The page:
نتیجه گیری انگلیسی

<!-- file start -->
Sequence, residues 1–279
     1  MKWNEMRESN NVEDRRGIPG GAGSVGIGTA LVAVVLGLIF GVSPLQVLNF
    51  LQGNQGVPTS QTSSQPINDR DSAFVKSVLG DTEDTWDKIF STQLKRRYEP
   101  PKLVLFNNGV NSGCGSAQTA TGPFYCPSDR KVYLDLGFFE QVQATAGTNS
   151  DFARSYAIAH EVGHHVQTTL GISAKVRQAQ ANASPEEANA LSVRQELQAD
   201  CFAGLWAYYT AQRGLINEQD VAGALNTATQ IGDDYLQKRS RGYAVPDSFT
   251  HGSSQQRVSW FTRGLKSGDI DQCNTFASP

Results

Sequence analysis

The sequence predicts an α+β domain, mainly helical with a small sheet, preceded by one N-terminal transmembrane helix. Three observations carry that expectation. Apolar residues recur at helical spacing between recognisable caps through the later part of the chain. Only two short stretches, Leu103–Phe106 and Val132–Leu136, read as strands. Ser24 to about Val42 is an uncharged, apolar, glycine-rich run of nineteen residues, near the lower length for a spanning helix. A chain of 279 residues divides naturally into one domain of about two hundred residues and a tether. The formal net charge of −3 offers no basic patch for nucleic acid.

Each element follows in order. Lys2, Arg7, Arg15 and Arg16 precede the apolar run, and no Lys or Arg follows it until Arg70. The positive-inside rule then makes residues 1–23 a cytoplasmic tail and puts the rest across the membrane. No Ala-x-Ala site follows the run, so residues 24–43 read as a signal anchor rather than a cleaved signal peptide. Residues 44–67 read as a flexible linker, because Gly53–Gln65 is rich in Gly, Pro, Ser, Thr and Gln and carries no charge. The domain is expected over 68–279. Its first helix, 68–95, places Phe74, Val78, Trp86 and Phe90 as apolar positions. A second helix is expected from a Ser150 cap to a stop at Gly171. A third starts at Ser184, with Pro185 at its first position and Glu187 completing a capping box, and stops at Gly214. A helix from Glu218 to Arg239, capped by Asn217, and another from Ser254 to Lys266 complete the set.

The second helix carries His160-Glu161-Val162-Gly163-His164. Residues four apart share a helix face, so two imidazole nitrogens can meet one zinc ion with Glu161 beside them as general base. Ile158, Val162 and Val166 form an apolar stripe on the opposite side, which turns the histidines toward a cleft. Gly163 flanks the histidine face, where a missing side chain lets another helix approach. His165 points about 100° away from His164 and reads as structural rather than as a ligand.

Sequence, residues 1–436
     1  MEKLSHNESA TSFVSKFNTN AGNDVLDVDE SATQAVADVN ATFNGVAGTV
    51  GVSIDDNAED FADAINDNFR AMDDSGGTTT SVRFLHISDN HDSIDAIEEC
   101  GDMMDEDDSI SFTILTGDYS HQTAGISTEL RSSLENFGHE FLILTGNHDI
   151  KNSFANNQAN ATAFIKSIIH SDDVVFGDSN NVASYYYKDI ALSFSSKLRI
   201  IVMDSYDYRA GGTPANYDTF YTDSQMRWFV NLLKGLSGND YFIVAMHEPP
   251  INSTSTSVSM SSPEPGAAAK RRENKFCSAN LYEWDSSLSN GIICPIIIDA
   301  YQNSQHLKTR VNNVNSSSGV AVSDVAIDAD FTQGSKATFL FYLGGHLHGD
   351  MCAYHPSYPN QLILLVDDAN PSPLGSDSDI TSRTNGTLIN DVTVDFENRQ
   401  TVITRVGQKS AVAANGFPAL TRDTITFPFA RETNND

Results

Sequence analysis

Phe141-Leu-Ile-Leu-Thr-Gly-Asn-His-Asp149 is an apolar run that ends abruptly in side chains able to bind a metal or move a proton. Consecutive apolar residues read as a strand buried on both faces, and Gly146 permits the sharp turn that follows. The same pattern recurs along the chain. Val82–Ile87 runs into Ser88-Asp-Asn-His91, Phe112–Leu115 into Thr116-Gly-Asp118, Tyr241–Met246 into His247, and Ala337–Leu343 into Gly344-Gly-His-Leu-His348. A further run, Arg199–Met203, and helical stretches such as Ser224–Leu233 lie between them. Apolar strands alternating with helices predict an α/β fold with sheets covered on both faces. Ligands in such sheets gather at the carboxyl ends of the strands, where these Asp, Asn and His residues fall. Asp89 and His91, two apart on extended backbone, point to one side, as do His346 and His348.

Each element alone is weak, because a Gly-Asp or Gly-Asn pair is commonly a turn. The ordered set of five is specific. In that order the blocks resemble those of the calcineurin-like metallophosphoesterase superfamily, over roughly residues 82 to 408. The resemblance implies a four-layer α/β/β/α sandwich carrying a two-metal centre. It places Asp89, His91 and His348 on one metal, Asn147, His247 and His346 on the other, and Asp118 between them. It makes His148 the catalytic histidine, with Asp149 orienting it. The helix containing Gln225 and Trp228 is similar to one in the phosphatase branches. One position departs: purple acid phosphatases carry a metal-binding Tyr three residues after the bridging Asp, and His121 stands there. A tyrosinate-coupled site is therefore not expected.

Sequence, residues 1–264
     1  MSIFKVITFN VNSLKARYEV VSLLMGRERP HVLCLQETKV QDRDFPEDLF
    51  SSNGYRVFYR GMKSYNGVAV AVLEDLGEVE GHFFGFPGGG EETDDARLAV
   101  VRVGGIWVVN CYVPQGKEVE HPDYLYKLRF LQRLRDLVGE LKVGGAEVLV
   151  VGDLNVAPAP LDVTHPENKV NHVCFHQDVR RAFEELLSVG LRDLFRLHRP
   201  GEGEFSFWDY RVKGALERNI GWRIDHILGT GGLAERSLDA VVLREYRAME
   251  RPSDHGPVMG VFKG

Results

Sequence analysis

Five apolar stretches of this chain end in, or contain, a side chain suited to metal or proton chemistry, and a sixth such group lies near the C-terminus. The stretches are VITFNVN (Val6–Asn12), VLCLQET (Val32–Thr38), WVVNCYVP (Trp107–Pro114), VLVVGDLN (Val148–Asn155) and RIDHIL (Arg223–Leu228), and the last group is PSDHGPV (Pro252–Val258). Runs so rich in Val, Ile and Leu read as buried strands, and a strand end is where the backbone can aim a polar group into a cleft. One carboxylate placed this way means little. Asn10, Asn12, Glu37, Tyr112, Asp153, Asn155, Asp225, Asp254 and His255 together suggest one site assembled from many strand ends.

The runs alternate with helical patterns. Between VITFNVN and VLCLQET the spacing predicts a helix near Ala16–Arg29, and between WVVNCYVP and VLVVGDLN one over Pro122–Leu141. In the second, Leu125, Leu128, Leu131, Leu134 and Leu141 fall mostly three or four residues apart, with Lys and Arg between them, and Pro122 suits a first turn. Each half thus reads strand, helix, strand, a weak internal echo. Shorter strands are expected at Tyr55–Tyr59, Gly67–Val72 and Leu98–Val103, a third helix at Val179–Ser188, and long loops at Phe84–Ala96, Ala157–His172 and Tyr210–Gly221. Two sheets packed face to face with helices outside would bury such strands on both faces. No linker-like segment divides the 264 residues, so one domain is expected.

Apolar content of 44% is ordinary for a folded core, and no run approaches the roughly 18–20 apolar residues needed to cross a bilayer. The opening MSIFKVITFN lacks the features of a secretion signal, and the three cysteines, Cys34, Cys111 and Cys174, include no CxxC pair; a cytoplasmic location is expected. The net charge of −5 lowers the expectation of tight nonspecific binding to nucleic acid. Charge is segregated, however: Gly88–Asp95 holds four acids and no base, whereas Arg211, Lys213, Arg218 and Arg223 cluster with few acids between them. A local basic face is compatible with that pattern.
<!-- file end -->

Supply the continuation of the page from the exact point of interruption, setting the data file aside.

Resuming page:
WPP are more and more chosen as the technology to produce renewable energy. In this work, a comprehensive approach to support decisions on wind power exploitation from a topology and a technologic viewpoint has been described and tested on an Italian district (Savona). Despite its “clean” characteristics, a WPP is often subject to some critics (landscape, environmental, noise etc…) which somehow limits their effective exploitation. In this work, these aspects have been taken into account both at GIS level and in a specific final module. Specifically, in the environmental impact assessment module, the CO2 emissions, the impact on the animals, and the noise, are evaluated and compared with a power plant producing the same quantity of energy with traditional fossil fuel. The approach proposed in this paper aims to present a comprehensive practical methodology to support decision makers and local authorities in the sustainable design of wind power plants both in terms of the site selection over a regional territory and of the optimal technology to be installed. The spatial information regarding the eligible areas from a regulation viewpoint should be intersected with areas where wind can be effectively exploited from an energy viewpoint. Furthermore, adequate selection criteria to identify eligible areas are mostly affected by local and regional policies. Thus, the methodology developed here can be applied elsewhere, according to regional and territorial regulations and environmental, social and work constraints restrictions. It is important to reckon that, as it is typical with EDSS, the proposed software system just aims to fill the gap between the great amount of data dealing with the problem and spatially distributed over a complex territory and decision makers. It also suggests possible solutions, which may be accepted or not by the decision maker according direct inspections, additional verifications or according to criteria which are not currently included in the system. Beside this, all the EDSS modules can be easily exploited to case studies different from the one presented in this paper. Some remarks may be added as regards the DSS output, since it is currently limited to specific technologies. Future work will deal with improvements of the optimisation module so that the technology can be optimally specified not according to a set of existing technologies, but the optimal technologic specifications will result as the DSS output (e.g diameter D, hub height Hhub, rotation speed of rotor N, optimal speed of operation Vdes, nominal power of rotor Pn, type of regulation and type of generator) and improvement in site characterization by introducing factors related to accessibility and grid connection. Moreover, a module for interpolating wind speed data in known locations should be added in order to predict wind speed also in areas in which measurements are not available. This is a complex task and is itself a research theme that can be developed both through the use of black-box models and the use of physically-based wind flow models.